Christianity became the official state religion early in the 4th century, and with this new status began an unfortunate secularization of the Church. When the Christian faith was mixed with the Roman world, the world did not become Christian so much as Christians became worldly. In reaction, many earnest Christians fled to the desert and ultimately to monasteries and convents as a way of escaping the world and living a faithful life. Into this climate Benedict of Nursia arouse to bring new life to the Christian world.
Born into a good family in the Umbrian village of Nursia and educated at Rome, Benedict grew weary of the evils of the city and fled to the mountains of Subaiaco to live as a hermit. He became well known for his piety, his wisdom, and his humility. In A. D. 529 he founded a monastery on Monte Cassino, midway between Naples and Rome, and he remained there until his death.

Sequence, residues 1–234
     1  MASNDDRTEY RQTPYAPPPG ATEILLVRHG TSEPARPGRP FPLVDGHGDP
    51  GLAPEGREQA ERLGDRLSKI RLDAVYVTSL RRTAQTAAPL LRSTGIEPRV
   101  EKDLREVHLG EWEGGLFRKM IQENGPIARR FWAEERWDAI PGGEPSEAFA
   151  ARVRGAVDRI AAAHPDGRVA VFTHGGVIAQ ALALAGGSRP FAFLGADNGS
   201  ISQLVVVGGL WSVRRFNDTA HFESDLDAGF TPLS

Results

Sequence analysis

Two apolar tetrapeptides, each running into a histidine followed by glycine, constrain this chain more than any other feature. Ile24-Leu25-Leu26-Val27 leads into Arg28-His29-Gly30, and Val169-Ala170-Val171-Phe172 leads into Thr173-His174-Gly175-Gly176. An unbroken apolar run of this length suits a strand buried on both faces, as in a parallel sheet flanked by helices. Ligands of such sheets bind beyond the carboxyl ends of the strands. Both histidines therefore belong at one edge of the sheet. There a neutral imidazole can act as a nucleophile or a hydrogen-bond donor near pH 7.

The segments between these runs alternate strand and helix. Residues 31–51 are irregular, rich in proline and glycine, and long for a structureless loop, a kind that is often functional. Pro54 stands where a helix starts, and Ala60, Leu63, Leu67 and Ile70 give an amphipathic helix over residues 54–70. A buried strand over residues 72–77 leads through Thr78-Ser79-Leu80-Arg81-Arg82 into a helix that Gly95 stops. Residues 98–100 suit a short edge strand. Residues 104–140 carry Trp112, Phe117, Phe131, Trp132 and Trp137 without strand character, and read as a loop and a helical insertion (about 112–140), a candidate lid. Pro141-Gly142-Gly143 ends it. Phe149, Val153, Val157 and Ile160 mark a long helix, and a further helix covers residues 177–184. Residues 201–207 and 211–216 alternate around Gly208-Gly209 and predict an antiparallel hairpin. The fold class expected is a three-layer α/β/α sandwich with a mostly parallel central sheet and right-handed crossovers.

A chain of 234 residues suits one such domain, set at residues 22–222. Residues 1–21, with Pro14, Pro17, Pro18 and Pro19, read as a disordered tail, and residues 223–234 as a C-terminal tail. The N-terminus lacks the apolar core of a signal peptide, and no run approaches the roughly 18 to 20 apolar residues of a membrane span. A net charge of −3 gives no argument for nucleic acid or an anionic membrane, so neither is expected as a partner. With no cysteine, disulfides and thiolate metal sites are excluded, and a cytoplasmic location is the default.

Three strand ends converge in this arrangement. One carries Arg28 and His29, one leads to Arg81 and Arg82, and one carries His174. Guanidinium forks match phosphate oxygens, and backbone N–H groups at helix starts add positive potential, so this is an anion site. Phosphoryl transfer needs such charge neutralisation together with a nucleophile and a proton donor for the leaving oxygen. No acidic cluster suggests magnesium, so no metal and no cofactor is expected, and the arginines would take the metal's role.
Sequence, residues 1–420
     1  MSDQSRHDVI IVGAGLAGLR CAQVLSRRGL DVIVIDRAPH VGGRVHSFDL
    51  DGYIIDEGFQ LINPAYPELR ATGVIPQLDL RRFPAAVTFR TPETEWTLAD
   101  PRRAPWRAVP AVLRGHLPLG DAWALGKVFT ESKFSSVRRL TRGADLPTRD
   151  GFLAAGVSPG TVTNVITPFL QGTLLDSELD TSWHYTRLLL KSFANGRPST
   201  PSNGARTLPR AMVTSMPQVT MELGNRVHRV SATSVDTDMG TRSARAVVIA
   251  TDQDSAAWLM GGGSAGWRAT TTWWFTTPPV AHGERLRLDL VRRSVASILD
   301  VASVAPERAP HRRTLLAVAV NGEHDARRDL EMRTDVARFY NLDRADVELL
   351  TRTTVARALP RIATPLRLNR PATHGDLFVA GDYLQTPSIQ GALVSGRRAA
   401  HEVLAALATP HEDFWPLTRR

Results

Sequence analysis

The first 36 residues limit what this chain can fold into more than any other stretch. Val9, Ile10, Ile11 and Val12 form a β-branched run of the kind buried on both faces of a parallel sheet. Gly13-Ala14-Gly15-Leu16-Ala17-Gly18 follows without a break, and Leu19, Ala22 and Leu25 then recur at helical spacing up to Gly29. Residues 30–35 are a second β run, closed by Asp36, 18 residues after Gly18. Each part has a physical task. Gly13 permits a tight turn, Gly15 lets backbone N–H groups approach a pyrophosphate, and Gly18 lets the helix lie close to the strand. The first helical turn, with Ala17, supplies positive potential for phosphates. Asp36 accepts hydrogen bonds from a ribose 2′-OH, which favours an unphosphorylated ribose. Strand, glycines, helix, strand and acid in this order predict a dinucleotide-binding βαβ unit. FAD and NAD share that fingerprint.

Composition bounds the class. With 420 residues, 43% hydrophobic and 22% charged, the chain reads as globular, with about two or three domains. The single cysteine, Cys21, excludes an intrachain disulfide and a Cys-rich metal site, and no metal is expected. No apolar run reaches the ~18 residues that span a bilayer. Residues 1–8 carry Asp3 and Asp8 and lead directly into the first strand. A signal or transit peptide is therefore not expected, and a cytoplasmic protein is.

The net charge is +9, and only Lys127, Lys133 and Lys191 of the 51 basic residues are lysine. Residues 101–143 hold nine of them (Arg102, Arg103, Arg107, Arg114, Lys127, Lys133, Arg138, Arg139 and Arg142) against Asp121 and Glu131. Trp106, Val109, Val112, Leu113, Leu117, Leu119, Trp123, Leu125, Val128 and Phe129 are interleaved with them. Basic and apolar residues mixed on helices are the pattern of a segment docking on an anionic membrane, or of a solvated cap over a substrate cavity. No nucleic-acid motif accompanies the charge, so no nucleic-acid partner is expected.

In this monastery Benedict wrote his famous Rule, which provided a much needed accountability to the many roving prophets and hermits of the day. In The Rule Benedict gives clear, direct, and effective disciplines for living a holy life. His writings inspired an important period of renewal and are still with us today because of their wisdom and insight.